Leone retains Senate seat in District 27
STAMFORD — Democrat incumbent Carlo Leone has won another term representing District 27 in the Connecticut Senate, defeating Republican challenger Gerald Bosak Jr., a longtime player in city politics who was running for a statewide seat for the first time.
At Democratic headquarters at the Sheraton Hotel, Leone said his camp was feeling good.
“Both of us ran a good race and left it all on the table for voters to decide,” Leone said. “And I’m glad I was on the right side of the voters.”
Voting tallies were still not available late Tuesday night.
Bosak said he was struck by the level of citizen participation in Tuesday’s election.
“I am humbled and I am so enthusiastic about the number of people who came out today to vote, and by the number of people engaged in the process,” said Bosak, 53.
The election holds a message for the city’s political parties, Bosak said.
“The parties really need to engage the public, to put out more information on the issues,” he said. “New voters might want to get involved, and if the parties help them know the issues, they may vote for the candidate, not just a party, which would benefit the community.”
In a district dominated by Democrats, Leone, 55, spent eight years in the state House of Representatives followed by eight years in the state Senate. He was re-elected to the Senate in 2016 with 65 percent of the vote.
An Air Force veteran and married father of a Westhill High School student, Leone works as an outreach specialist with The WorkPlace, a Bridgeport agency where he helps find housing for homeless veterans. He is a former financial analyst with Xerox Corp.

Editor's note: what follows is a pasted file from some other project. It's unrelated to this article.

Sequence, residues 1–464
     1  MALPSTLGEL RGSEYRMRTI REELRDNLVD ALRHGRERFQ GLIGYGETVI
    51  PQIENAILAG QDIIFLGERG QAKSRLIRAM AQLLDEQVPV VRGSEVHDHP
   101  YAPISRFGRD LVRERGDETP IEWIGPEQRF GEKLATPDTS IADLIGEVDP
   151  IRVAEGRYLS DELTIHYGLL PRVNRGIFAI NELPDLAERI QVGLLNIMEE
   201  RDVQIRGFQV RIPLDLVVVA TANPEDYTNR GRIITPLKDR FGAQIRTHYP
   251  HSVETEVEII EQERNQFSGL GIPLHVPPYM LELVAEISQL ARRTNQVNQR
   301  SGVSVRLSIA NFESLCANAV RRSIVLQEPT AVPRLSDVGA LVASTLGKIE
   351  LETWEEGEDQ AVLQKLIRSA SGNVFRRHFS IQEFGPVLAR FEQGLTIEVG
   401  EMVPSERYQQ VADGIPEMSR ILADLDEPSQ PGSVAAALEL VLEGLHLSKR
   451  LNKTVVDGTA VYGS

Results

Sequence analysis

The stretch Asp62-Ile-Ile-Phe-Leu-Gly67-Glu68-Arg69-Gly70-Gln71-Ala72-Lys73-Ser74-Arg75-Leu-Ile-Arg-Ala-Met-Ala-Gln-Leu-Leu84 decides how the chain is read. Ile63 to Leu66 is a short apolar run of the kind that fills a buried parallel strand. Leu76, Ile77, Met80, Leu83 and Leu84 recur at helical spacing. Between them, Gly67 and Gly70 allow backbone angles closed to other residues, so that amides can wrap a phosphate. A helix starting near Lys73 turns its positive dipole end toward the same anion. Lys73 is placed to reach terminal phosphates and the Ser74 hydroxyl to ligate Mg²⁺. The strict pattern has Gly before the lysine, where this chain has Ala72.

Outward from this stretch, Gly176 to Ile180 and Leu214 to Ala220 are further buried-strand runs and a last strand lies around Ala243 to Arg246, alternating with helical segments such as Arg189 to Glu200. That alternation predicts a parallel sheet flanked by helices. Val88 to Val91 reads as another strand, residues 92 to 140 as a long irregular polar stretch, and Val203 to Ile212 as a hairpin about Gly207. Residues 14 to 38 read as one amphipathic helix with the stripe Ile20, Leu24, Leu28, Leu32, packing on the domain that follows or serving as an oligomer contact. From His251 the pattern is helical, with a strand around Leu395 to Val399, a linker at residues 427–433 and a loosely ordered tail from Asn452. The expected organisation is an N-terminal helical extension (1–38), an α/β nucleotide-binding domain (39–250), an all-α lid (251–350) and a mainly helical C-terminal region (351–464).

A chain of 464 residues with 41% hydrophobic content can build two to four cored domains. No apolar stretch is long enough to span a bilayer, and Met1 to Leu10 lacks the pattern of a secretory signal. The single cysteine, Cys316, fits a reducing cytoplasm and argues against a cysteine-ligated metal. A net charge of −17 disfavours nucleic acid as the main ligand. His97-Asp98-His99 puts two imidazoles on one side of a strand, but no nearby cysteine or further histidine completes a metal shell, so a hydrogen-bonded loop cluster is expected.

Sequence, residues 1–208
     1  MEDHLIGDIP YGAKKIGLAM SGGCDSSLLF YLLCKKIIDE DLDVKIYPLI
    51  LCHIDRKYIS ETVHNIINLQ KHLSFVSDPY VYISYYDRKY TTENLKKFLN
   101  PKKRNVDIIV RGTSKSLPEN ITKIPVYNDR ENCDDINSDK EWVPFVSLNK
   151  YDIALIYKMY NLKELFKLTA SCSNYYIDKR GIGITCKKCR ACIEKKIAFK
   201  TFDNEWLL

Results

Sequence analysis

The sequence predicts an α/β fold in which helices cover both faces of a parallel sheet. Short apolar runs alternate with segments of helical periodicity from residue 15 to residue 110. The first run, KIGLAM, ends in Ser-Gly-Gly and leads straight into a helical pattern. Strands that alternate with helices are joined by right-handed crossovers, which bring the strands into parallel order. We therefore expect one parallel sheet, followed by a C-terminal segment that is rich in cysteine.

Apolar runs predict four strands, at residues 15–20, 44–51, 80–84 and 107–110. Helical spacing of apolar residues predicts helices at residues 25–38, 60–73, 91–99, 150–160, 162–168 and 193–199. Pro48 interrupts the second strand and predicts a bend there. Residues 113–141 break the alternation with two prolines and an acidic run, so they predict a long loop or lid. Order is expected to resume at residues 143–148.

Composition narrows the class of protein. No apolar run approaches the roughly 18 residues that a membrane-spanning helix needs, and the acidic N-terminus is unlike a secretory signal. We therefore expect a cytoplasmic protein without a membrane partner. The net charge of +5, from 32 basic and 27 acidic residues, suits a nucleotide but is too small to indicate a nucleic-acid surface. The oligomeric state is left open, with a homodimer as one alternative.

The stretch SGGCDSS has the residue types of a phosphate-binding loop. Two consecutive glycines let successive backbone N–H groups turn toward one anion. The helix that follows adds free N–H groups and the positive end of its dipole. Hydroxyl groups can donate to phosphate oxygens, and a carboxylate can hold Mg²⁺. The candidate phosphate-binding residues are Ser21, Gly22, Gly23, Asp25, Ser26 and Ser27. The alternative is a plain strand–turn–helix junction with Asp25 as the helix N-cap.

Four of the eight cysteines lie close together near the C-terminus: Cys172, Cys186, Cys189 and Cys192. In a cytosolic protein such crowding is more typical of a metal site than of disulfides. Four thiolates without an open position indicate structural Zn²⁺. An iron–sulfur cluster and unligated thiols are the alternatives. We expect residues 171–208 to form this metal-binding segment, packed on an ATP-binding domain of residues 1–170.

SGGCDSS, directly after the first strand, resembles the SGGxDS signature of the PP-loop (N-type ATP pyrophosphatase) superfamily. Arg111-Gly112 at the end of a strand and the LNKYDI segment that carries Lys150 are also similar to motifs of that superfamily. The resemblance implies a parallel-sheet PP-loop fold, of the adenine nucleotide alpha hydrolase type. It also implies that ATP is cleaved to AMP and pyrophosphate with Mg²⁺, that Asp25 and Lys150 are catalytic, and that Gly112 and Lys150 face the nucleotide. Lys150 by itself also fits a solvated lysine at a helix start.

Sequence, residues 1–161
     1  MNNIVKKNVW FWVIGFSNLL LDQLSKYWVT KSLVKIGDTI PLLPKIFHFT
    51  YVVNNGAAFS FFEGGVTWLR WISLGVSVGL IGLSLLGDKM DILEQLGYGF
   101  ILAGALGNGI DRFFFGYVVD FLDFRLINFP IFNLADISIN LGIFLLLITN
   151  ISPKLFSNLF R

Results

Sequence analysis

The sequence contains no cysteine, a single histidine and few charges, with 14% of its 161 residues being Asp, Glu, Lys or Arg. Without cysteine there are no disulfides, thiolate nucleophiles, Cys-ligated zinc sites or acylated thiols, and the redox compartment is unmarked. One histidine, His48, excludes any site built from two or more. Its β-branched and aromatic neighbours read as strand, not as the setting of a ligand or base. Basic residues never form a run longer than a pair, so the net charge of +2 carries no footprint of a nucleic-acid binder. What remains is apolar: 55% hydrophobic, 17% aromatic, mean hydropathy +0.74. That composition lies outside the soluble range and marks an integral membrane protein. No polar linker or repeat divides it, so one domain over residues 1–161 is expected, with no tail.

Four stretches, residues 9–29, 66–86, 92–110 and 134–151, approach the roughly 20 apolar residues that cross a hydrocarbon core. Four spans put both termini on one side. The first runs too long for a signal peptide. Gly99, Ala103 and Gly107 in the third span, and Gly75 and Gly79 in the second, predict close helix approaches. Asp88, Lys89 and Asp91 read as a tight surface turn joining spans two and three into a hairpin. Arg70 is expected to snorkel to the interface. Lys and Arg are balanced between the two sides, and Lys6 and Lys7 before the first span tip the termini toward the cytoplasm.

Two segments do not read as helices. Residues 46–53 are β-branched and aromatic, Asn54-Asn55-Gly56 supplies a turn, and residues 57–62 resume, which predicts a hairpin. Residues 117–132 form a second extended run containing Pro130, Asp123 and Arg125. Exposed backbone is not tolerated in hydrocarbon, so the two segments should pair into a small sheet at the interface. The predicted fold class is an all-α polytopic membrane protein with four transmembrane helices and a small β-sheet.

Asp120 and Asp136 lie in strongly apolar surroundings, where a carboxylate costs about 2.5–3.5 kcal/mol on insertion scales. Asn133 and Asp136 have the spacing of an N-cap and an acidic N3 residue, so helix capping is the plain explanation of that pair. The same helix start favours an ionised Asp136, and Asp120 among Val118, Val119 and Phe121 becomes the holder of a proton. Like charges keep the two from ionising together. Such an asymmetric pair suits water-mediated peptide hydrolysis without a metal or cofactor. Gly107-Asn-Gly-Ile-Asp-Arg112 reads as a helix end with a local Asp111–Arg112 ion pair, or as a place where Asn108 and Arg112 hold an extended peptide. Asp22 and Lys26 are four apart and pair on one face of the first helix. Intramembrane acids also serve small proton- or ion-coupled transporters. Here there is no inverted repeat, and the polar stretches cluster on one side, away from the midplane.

Helping veterans has been a legislative priority, Leone has said. His other focuses have been protecting social services, creating a better business climate, and pushing a requirement that high schools teach personal finances. Leone has said his strengths include his experience navigating the state Capitol and having the relationships needed to deliver for District 27.
Bosak served nine years in Stamford government — eight on the Board of Finance and one on the Board of Education. Bosak is co-owner with his father of Bosak Funeral Home, one of Stamford’s oldest businesses.
Bosak has said he saw the workings of the state from the municipal end, where he learned budgeting processes, labor contract negotiations, how to win education grants for the city, and the importance of working with the opposing party. A former residential counselor, Bosak has said his priorities include mental health services, senior services, controlling spending, and supporting small businesses.
Green Party candidate Cora Santaguida, a driving instructor, was also on the ballot after running for state Senate two years ago, winning 2.4 percent of the District 27 vote. A justice of the peace, she is co-chairwoman of the Ballot Access Committee of the Green Party of the United States.
Santaguida’s campaign manager has said her priority issues are affordable housing, legalizing marijuana, and creating a public bank in Connecticut. Such banks offer low-interest loans to small businesses, students and others.
District 27 has roughly 20,900 registered Democrats, 8,800 Republicans and 18,700 unaffiliated voters, according to the registrars. There are 50 to 100 registered Green Party members.
The district runs roughly from Broad Street downtown, follows Washington Boulevard and runs along High Ridge to just north of the Merritt Parkway. It includes the southern portion of Darien.